BRAIN ON DRUGS:
Ready to say "I do"? Well, be sure to keep the glitz and glamour to a minimum if you want it to last. A recent study claims couples who have flashy weddings are more likely to get divorced. A research firm, Splendid Insights, did a survey and found couples who spent more than $30,000 on their big day were more likely to worry about impressing their guests. That's compared to the couples who spent under $10,000. And this isn't the first study to point from dollars to divorce. An academic study of American marriages in 2014 found couples who planned a pricey spectacle were more likely to get divorced. According to the Wedding Report, the average American couple spent $26,000 on their wedding in 2017. Food is the biggest expense, averaging about $4,700 followed by location ($3,600) and the engagement ring ($3,400). The average newlyweds also spend $2,800 on photography, $1,600 on flowers and $800 on invitations. wate.com
Fifty-year-old Chaffie Brown of Baton Rouge, Louisiana was arrested and charged with bigamy after it was discovered that he was married to two women at the same time. Brown’s wife of 25 years complained to the Sheriff's Office after she found paperwork with her husband's name and another's woman's name on it. He told his first wife he needed to buy a house in Baton Rouge because he frequently worked long hours there. But his first wife became suspicious when she found car insurance documents indicating that Brown had added his second wife to a policy on a car he shared with his first wife. Brown's first wife, whom he married in 1993, lives in Laplace, just 56 miles to the southeast of his second wife, who lives in Baton Rouge. So, for five years neither of the women, nor the local authorities, knew about Brown's alleged double life. (https://goo.gl/C27Cij)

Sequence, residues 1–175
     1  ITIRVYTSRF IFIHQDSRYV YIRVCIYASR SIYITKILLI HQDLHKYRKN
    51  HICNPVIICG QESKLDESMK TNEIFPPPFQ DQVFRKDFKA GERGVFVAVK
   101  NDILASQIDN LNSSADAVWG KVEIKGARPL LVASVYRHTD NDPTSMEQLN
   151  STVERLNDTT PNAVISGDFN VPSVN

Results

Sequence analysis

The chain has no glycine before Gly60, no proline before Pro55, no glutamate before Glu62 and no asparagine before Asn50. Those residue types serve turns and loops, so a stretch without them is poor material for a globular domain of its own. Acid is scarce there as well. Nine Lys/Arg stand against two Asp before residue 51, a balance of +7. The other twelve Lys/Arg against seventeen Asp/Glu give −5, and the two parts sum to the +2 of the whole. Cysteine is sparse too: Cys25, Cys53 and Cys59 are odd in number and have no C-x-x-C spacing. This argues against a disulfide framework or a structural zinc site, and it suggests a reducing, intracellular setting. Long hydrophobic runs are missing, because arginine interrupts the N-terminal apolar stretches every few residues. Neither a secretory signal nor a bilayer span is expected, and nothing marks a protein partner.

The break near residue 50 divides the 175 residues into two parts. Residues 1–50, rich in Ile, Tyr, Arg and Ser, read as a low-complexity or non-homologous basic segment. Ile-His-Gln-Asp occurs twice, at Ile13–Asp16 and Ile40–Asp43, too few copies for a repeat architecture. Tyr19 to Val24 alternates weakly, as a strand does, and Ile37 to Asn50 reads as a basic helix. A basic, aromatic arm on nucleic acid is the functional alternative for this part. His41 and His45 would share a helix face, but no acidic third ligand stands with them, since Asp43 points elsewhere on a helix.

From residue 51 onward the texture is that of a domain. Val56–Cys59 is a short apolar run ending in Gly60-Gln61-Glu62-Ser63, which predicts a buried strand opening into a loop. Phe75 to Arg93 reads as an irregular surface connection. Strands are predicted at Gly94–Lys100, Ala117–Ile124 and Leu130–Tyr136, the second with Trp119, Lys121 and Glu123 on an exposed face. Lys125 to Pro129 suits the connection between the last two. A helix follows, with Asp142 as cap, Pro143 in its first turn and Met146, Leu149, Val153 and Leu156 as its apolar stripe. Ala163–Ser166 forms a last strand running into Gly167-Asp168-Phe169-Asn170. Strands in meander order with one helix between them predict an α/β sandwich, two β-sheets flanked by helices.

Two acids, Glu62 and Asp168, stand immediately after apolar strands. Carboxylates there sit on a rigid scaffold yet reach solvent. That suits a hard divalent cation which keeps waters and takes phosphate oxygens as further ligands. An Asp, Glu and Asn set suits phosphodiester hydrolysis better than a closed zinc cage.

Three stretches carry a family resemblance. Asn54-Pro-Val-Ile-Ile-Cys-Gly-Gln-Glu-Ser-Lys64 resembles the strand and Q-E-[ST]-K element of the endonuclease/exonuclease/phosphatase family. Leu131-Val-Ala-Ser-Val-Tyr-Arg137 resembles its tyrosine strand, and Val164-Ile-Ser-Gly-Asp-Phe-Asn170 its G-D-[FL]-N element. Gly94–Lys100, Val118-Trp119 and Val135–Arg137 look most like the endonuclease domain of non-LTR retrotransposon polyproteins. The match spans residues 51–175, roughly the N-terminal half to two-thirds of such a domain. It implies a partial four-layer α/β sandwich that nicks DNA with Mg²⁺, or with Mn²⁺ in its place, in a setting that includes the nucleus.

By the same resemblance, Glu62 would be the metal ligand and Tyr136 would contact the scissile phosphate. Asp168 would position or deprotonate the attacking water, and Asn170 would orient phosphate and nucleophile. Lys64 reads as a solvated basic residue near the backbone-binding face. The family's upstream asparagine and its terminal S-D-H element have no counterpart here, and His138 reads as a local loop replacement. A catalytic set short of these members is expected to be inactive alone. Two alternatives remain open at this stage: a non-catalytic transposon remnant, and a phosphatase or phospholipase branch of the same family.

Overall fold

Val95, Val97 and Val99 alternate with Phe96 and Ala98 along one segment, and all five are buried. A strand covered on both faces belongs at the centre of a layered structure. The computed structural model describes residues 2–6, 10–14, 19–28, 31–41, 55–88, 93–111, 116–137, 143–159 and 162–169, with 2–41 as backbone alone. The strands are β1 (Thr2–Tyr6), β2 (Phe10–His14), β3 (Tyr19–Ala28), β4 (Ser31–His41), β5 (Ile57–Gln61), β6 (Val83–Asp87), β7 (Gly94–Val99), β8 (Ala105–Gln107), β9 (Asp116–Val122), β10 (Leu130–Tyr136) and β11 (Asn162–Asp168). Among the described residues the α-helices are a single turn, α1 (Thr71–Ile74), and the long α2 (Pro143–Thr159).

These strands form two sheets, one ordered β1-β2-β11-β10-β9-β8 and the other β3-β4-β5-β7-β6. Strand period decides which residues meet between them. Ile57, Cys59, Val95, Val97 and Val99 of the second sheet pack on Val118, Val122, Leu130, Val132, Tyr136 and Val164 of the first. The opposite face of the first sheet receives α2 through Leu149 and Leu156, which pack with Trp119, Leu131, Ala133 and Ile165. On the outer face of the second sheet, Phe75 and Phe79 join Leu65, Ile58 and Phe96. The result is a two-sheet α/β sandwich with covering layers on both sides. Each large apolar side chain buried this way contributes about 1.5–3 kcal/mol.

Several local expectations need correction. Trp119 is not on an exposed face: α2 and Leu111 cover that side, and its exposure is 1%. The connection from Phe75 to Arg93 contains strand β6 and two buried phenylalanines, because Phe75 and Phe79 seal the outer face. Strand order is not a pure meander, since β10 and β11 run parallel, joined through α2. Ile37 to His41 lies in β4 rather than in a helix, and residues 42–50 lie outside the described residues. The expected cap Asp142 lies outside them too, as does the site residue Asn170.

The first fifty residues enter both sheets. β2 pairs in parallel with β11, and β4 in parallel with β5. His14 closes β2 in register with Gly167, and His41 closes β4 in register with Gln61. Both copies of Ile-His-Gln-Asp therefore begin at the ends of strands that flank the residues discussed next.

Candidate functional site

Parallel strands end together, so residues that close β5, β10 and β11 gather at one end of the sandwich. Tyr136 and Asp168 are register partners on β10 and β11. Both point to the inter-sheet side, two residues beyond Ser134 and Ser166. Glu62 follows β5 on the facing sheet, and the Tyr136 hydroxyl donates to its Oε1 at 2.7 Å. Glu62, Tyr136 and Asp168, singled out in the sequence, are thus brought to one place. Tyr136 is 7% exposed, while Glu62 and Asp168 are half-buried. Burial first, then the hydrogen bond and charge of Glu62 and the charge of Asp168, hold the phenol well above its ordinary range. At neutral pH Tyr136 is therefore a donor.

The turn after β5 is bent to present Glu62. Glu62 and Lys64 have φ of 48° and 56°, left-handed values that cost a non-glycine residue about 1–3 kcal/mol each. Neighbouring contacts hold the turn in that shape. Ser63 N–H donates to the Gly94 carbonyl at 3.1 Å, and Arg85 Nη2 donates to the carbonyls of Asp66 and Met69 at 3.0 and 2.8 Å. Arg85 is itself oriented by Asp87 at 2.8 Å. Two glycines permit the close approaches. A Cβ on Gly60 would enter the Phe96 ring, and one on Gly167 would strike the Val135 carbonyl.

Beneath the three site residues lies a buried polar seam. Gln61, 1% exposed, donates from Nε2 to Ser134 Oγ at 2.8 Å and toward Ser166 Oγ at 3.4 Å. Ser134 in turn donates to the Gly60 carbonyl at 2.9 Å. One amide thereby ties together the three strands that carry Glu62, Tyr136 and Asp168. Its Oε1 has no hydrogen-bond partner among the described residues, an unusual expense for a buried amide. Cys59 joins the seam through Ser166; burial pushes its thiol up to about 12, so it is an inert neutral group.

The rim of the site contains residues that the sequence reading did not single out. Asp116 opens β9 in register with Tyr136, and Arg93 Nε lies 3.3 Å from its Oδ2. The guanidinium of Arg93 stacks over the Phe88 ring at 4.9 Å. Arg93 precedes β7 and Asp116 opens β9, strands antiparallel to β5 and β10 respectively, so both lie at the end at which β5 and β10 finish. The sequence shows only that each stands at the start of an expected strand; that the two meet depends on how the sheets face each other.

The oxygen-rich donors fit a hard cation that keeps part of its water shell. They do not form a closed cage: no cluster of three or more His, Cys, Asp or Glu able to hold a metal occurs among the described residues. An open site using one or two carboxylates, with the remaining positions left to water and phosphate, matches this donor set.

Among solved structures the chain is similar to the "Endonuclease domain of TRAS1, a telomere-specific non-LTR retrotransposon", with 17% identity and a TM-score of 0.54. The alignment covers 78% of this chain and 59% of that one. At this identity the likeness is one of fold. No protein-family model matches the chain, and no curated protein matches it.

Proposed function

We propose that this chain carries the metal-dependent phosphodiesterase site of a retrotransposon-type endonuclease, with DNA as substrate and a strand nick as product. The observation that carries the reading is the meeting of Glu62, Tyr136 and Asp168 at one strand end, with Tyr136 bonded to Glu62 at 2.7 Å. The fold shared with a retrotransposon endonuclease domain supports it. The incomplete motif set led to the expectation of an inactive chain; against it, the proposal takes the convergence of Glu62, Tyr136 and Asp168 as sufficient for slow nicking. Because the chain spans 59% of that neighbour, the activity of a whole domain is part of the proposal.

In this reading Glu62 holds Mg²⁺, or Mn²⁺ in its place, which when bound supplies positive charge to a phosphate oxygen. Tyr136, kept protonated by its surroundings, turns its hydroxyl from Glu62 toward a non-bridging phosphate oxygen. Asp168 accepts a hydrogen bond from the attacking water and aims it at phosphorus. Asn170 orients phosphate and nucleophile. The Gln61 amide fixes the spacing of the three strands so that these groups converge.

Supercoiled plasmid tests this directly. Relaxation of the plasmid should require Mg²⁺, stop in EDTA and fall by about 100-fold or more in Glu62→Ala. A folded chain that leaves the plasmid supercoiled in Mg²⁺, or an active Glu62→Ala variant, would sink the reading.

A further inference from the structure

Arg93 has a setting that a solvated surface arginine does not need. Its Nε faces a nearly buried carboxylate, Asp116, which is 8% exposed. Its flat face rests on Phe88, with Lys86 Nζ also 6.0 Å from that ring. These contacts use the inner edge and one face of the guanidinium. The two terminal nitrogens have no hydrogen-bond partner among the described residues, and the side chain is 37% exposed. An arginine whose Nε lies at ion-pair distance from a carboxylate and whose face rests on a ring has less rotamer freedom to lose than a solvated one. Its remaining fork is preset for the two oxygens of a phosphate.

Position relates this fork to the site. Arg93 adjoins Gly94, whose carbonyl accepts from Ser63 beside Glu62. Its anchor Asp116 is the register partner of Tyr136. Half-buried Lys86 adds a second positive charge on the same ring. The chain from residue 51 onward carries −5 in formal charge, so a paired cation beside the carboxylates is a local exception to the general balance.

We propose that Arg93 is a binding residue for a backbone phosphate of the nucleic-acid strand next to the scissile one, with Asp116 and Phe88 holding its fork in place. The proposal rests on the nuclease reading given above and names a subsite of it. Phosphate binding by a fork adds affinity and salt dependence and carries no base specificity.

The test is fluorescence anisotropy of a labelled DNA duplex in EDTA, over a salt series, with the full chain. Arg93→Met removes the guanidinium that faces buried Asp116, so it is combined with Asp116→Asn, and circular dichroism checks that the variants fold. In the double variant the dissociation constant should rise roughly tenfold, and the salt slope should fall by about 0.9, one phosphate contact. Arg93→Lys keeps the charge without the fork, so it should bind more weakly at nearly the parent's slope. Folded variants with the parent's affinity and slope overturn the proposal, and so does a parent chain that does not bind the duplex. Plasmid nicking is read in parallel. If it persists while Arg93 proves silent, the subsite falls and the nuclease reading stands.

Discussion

Toto was paid $125 per week while filming The Wizard of Oz.
The only member of the band ZZ Top without a beard has the last name Beard.
The electric chair was invented by a dentist.
LINK TO TODAY'S WORD - Grandiloquent Words
-A misunderstood or misinterpreted word or phrase resulting from a mishearing of the lyrics of a song.
"Gladly, the cross-eyed bear."
"Gladly The Cross I'd Bear."
"There's a bathroom on the right."
"There's a bad moon on the rise."
Bad Moon Rising, Creedence Clearwater
"Excuse me while I kiss this guy."
"Excuse me while I kiss the sky."
Purple Haze, Jimi Hendrix
"Dead ants are my friends; they're blowin' in the wind."
"The answer my friend is blowin' in the wind."
Blowin' In The Wind, Bob Dylan
FAKE NEWS OR FLORIDA:
Is this story "Fake News" or something that actually happened in Florida.